Saturday, August 30, 2008
For every axon, an equal and apposite re-axon.
(images by Craig Conley of the great Abecedarian Web Log. We've been lobbing words and images back at each other for over a month now. Nothing like a good lob for the lobes. The Tongue and Snake image above is one of Craig's awesome illustrations of a text from Hugh Thomas and my translations of Kafka parables.)
My Grade 4 teacher told me that a sentence must express a complete thought.
A thought is a connection between two things.
The “thingness” of the things may vary.
The nature of the connection may vary:
Semi-colon, dash, preposition, subject/object, the connection of grammar, juxtaposition.
“Bird. Flute.” is a thought.
“On the roof” is a thought.
What is a complete thought, anyway?
My dad woke up this morning.
My dad woke up.
My dad woke.
When I woke up this morning, I had this thought. The thought could connect to many other thoughts, but it was complete. Ready. Resonant. A mind tool.
The thought: ‘up.’
The thought could have been the notion of the colon in that previous sentence; it could have been that semi-colon at the beginning of this phrase (or the parenthetical) or it could have been ‘Shoe-turbid.’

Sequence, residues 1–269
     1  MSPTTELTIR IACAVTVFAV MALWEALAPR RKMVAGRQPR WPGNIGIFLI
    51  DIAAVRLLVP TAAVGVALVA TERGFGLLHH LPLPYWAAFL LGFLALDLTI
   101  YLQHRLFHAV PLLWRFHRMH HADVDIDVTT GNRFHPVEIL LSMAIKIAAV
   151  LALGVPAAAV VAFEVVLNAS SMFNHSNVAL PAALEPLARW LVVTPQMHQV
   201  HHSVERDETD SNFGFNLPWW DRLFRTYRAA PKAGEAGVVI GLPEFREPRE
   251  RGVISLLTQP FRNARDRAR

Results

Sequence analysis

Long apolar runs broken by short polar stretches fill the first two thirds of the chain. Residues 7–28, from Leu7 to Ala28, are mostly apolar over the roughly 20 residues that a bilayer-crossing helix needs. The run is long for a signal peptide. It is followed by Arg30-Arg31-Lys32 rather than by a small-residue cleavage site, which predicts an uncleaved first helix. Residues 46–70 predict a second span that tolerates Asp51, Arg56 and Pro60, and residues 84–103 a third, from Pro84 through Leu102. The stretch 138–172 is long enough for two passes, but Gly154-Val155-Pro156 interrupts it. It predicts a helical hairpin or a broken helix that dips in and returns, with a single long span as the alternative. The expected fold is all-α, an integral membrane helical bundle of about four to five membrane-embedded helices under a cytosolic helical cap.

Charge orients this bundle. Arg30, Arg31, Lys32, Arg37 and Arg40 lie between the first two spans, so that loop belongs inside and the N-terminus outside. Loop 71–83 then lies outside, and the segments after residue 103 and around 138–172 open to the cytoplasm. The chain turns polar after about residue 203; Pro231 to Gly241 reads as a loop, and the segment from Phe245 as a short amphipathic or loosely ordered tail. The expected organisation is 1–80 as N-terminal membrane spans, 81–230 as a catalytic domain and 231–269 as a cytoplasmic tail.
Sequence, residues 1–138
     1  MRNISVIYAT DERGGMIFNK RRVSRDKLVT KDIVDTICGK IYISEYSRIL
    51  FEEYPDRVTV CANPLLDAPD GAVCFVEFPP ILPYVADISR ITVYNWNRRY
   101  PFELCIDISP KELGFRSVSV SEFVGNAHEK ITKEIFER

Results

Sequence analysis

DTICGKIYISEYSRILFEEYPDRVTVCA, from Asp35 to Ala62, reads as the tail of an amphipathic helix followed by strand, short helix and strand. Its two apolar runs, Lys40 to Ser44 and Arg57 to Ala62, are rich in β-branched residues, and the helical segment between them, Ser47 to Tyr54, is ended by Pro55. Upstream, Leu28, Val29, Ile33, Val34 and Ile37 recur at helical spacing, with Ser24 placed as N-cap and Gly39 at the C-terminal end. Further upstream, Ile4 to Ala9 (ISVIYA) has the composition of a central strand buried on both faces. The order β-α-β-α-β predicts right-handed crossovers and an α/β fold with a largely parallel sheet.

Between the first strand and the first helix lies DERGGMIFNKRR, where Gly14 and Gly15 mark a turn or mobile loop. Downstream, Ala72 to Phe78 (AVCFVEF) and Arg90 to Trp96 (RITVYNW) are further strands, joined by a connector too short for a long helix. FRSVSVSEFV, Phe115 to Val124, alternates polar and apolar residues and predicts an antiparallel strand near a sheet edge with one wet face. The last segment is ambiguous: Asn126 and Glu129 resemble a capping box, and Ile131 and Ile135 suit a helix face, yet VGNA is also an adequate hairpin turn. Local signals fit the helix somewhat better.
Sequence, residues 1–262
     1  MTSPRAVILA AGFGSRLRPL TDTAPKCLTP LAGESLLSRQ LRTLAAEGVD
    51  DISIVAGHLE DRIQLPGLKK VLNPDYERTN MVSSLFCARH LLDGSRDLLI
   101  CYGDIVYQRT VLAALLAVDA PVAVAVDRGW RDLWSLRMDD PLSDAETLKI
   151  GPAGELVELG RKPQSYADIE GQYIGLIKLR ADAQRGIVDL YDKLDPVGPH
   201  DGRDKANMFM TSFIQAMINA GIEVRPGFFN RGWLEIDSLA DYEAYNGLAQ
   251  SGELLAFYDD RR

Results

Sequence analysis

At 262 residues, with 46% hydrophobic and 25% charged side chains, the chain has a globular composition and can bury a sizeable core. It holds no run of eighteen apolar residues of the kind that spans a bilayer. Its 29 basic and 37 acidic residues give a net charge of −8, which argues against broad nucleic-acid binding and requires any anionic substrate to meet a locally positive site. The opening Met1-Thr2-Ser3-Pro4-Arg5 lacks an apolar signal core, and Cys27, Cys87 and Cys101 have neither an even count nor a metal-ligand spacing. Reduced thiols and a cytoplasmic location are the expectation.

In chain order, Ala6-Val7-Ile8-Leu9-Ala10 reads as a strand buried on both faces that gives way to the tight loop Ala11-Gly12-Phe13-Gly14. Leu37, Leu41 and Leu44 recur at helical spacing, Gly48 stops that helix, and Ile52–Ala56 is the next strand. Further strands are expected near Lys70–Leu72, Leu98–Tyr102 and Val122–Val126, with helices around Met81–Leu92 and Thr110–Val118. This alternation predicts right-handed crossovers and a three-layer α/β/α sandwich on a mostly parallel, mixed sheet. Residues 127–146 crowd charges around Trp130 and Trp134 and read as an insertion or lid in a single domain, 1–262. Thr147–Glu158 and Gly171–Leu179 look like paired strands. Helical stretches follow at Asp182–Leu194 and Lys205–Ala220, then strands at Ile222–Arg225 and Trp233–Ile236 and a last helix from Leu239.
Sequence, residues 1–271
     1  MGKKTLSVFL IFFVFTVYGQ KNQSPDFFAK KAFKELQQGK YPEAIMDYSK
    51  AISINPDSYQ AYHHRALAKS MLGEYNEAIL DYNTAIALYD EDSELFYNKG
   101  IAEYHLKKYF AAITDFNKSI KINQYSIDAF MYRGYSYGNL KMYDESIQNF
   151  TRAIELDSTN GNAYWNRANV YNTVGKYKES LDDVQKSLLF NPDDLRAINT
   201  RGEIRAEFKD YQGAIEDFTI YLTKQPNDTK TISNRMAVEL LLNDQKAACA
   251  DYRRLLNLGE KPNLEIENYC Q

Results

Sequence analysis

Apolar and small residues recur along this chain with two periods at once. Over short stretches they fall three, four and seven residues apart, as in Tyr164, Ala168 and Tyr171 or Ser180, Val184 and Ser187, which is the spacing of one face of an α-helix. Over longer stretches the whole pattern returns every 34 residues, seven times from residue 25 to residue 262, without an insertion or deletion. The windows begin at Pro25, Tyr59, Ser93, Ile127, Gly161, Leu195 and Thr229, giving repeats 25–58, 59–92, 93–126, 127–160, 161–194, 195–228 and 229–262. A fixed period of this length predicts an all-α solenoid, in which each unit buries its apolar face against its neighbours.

It could have been a semi-colon on the chest of a formally dressed man from the past.
Or the imagined roundness of the tiny period at the end of this sentence.
Or the imaginary one in the middle of this sentence.
On its own, a semi-colon is a complete thought. It is a synapse: jumping from the axon of one thing to the dendrite of another. From the axon of the period to the dendrite of the comma.
A period is also a complete thought. It is a synapse: jumping from the axon of one thing back to the dendrite of that same thing. My mother was worried that I’d fall off the edge. Up.
A complete thought.
A couplete thoupght.
A mplete ught.